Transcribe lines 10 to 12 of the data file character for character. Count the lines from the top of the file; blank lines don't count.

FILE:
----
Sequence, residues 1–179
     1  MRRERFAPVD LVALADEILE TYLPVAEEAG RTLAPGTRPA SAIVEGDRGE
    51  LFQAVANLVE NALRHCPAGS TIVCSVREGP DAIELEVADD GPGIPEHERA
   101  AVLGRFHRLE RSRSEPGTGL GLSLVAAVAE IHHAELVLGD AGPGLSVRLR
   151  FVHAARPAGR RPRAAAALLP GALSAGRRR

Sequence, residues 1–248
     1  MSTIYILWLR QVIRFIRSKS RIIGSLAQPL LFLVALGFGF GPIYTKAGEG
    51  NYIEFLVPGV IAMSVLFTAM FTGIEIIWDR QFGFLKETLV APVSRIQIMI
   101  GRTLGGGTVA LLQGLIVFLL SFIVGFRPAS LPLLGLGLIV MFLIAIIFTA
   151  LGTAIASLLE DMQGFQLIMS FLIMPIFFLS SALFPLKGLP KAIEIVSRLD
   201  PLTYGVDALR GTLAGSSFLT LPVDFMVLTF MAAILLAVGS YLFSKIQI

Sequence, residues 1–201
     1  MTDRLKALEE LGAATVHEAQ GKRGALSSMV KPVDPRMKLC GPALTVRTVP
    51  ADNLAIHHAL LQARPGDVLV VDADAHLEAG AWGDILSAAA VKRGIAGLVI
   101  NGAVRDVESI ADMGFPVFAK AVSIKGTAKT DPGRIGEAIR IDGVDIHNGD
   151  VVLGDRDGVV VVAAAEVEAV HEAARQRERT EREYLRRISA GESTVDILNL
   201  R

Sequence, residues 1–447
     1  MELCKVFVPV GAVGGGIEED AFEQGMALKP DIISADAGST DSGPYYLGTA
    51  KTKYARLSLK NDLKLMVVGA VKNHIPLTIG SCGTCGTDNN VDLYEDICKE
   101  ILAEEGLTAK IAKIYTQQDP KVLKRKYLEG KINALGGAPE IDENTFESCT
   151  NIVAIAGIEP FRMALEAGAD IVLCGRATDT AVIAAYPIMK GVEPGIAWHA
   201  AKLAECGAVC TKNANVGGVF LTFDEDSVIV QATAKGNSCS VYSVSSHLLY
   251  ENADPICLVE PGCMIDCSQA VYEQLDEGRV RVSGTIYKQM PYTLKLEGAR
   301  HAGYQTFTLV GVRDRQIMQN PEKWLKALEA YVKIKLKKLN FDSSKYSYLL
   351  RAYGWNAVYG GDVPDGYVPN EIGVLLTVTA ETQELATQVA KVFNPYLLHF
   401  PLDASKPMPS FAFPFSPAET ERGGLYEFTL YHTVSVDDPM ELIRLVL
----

   151  LGTAIASLLE DMQGFQLIMS FLIMPIFFLS SALFPLKGLP KAIEIVSRLD
   201  PLTYGVDALR GTLAGSSFLT LPVDFMVLTF MAAILLAVGS YLFSKIQI

Sequence, residues 1–201